5. Filmer, D., & Pritchett, L. (1999). The effect of household wealth on educational attainment: Evidence from 35 countries. Population and Development Review, 25(1), 85–120.CrossRefGoogle Scholar
  6. Filmer, D., & Pritchett, L. (2001). Estimating wealth effect without expenditure data-or tears: An application to educational enrollments in states in India. Demography, 38(1), 115–132.Google Scholar
  7. Filmer, D., & Scott, N. (2012). Assessing asset indices. Demography, 49, 359–392.CrossRefGoogle Scholar
  8. Guiley, D., & Jayne, S. (1997). Fertility transition in Zimbabwe: determinants of contraceptive use and method choice. Population Studies, 51(2), 173–190.CrossRefGoogle Scholar
  9. Gwatkin, D. R., Rutstein, S. Johnson, K., Suliman, E., Wagstaff, A., & Amouzou, A. (2007) Socio-economic differences in health, nutrition, and population within developing countries. HNP, The World Bank. Google Scholar
  10. Howe, L. D., Hargreaves, J. R., Gabrysch, S., & Huttly, Sharon R. A. (2009). Is the wealth index a proxy for consumption expenditure? A systematic review. Journal of Epidemiology and Community Health, 63, 871–880.CrossRefGoogle Scholar
  11. Howe, L. D., Hargreaves, J. R., & Huttly, Sharon R. A. (2008). Issues in the construction of wealth indices for the measurement of socio-economic position in low-income countries. Emerging Themes in Epidemiology, 5, 3.CrossRefGoogle Scholar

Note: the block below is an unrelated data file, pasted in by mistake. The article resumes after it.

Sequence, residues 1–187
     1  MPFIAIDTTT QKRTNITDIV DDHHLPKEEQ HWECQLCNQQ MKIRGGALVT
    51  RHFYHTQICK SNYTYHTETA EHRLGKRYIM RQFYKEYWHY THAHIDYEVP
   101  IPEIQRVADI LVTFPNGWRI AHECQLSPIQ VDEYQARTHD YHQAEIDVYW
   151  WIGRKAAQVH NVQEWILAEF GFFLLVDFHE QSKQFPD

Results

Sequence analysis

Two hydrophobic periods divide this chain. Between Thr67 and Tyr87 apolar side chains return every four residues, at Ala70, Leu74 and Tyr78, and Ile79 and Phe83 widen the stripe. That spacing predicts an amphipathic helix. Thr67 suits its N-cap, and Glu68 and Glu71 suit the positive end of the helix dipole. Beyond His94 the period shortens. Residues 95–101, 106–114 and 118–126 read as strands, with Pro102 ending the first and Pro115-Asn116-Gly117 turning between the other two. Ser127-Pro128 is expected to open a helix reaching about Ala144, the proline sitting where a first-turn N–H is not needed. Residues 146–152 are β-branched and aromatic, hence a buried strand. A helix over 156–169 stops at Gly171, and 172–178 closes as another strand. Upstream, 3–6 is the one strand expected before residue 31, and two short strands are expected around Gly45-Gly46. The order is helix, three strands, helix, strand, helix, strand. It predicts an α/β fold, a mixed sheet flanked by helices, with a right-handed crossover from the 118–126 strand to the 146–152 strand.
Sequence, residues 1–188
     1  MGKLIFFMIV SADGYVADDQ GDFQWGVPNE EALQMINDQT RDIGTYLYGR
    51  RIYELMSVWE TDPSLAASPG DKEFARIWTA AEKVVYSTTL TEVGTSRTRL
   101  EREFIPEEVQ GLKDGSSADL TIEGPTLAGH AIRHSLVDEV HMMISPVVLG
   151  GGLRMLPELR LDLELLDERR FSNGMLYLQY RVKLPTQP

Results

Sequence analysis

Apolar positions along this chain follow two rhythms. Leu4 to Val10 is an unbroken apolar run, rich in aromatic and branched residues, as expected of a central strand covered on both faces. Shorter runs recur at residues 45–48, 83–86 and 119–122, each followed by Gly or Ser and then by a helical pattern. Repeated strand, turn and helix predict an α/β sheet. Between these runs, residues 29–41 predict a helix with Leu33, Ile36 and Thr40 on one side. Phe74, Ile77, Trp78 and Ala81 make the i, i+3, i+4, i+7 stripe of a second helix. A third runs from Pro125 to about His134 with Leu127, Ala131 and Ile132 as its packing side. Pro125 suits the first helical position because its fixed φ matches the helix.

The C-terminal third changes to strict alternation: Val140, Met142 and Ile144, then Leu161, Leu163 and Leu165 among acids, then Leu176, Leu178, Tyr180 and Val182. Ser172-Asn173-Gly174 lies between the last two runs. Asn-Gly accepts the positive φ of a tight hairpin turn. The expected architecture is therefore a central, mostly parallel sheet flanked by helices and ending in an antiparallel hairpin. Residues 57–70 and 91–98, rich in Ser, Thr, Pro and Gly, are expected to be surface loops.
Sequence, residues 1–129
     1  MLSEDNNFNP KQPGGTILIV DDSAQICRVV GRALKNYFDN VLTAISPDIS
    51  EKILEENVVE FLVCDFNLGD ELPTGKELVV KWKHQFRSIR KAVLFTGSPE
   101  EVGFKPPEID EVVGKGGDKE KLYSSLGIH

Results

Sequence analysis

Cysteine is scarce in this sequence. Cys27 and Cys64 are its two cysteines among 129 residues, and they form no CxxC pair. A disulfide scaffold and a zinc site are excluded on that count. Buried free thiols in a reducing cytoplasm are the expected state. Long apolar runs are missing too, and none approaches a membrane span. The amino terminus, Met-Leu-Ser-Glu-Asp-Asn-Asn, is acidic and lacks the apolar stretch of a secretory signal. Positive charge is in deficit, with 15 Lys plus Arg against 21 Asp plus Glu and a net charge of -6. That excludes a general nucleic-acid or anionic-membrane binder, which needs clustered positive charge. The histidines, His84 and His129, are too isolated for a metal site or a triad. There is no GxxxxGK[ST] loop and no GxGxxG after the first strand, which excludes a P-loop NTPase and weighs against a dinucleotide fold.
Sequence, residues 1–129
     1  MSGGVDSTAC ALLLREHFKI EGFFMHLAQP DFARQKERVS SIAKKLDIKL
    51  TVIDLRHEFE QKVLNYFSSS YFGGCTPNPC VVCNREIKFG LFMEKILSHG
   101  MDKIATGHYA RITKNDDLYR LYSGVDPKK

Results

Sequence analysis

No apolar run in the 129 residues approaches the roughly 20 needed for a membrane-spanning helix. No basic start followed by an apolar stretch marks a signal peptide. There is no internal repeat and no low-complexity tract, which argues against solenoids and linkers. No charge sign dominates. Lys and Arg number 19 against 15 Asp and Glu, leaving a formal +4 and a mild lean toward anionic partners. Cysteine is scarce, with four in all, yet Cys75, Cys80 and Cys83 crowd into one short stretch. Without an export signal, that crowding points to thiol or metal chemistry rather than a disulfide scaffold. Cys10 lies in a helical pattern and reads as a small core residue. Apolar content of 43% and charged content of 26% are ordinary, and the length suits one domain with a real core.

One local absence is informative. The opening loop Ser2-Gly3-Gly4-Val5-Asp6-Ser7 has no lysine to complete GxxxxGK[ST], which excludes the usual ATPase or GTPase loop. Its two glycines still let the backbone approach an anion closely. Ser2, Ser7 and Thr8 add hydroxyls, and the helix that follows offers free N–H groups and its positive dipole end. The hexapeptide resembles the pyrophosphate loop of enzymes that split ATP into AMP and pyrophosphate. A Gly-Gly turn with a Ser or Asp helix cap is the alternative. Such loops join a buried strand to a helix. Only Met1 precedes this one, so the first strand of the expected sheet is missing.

12. McKenzie, D. J. (2005). Measuring inequality with asset indicators. Journal of Population Economics, 18, 229–260.CrossRefGoogle Scholar
  13. Montgomery, M., Gragnolati, M., Burke, K., & Paredes, E. (2000). Measuring living standards with proxy variables. Demography, 37, 155–174.CrossRefGoogle Scholar
  14. Rutstein, S. O. (2008). The DHS Wealth Index: Approaches for rural and urban areas. DHS working paper, 2008, 60, Measure DHS.Google Scholar
  15. Rutstein, S. & Johnson, K. (2004) The DHS Wealth Index, DHS Comparative Report, No. 6, ORC Macro, Calverton, MD.Google Scholar
  16. Sahn, D. E., & Stifel, D. C. (2000). Poverty comparisons over time and across countries in Africa. World Development, 28(12), 2123–2155.CrossRefGoogle Scholar
  17. Sahn, D. E., & Stifel, D. C. (2003). Exploring alternative measures of welfare in the absence of expenditure data. Review of Income and Wealth, 49(4), 463–489.CrossRefGoogle Scholar
  18. Stanton, E. (2006). Accounting for Inequality: A proposed revision of the Human Development Index. PERI working paper 119. Amherst: Political Economy Research Institute.Google Scholar
  19. UNDP. (2011). Human development report 2011. New York: United Nations Development Programme.Google Scholar
  20. Vyas, S., & Kumaranayake, L. (2006). Constructing socio-economic status indices: how to use principal components analysis. Oxford: Oxford University Press. doi: 10.1093/heapol/czl029.Google Scholar

Copyright information

© Springer Science+Business Media Dordrecht 2014

Authors and Affiliations

  1. 1.Global Data Lab, Department of Economics, Institute for Management ResearchRadboud University NijmegenNijmegenThe Netherlands

Personalised recommendations